Annotation Processing: Introduction

ashdavies ™
Jan 30, 2017 · 2 min read

AutoValue is one of my favourite annotation processing libraries, being able to create immutable value classes with support for builders is something that I believe every developer should have in their toolbox.

So what is annotation processing and what makes it so useful?

Many Java developers often lament with having to create so much boilerplate code, and often the language receives criticism for being so verbose. Personally I prefer a language to be explicit about its definition to save from any ambiguity but it can admittedly be somewhat tedious.

Utilising annotation processing and code generation means we can forgo the additional time and effort needed to create boilerplate code. Once an annotation processor has been registered it will process annotated code at compile time and generate classes.

It is important to note that you cannot modify existing Java classes, this requires bytecode weaving, so you can only generate new classes. This includes inner classes, so any annotated inner classes can only generate a new outer class.

Now ordinarily most guides would tell you to extend the AbstractProcessor, and whilst this is fine you can also use BasicAnnotationProcessor when multiple processing steps may be required, even if you only have a single processing step it can still be helpful to use to simplify the process.

With the BasicAnnotationProcessor you need only override two methods and then the job of actually processing is left to the ProcessingStep.

  • initSteps() returns an iterable of your processing steps
  • getSupportedSourceVersion() returns the version of Java to support
public class AnnotationProcessor extends BasicAnnotationProcessor {

protected Iterable<? extends ProcessingStep> initSteps() {
return Collections.singletonList(new MyProcessingStep(processingEnv));

public SourceVersion getSupportedSourceVersion() {
return SourceVersion.latestSupported();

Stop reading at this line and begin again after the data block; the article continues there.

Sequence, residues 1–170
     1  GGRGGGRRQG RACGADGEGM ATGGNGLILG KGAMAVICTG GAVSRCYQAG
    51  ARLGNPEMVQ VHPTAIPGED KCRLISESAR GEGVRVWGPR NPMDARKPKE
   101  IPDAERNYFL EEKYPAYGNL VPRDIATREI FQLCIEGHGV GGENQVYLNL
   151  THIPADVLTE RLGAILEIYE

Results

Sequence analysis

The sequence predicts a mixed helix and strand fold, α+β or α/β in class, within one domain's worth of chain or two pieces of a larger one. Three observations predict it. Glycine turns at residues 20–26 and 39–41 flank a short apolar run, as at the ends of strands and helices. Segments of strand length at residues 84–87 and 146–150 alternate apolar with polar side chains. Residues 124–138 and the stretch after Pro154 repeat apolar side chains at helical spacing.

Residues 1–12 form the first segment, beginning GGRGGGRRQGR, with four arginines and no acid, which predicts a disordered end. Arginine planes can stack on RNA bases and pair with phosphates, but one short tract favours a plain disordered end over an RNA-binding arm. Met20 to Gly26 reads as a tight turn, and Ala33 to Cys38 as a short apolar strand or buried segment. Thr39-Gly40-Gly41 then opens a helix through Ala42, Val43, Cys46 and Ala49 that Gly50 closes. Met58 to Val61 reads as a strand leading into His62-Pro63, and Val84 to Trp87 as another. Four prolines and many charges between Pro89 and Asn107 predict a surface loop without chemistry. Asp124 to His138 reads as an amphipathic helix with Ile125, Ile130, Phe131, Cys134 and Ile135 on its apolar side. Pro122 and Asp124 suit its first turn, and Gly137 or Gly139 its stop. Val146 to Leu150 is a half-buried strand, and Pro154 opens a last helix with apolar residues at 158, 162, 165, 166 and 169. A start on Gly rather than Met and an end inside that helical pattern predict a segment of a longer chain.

Above you can see that I’m also using the AutoService annotation which will automatically generate the META-INF resource necessary to register your annotation processor. That’s right, code is being generated from an annotation processor within another annotation processor!

When writing code in your annotation processor you need not worry too much about what libraries you are using since the process is happening during compile time, only the resulting code goes into your applications, which means feel free to use Guava if you like!

When extending the ProcessingStep you have another two methods to override that handling the actual processing of annotated classes.

class MyProcessingStep implements BasicAnnotationProcessor.ProcessingStep {

public Set<? extends Class<? extends Annotation>> annotations() {
return Collections.singleton(MyAnnotation.class);

public Set<Element> process(SetMultimap<Class<? extends Annotation>, Element> elementsByAnnotation) {
return new HashSet<>();

Here you can return your supported annotations that your processor can handle, and then your process method to actually process the elements.

When finished with your processing, you should return the elements not yet processed so that they may be passed onto the next processing step.

In the following article I’ll go into some of the annotation libraries I’ve been building recently and how you can go about unit testing your code.

Happy processing!

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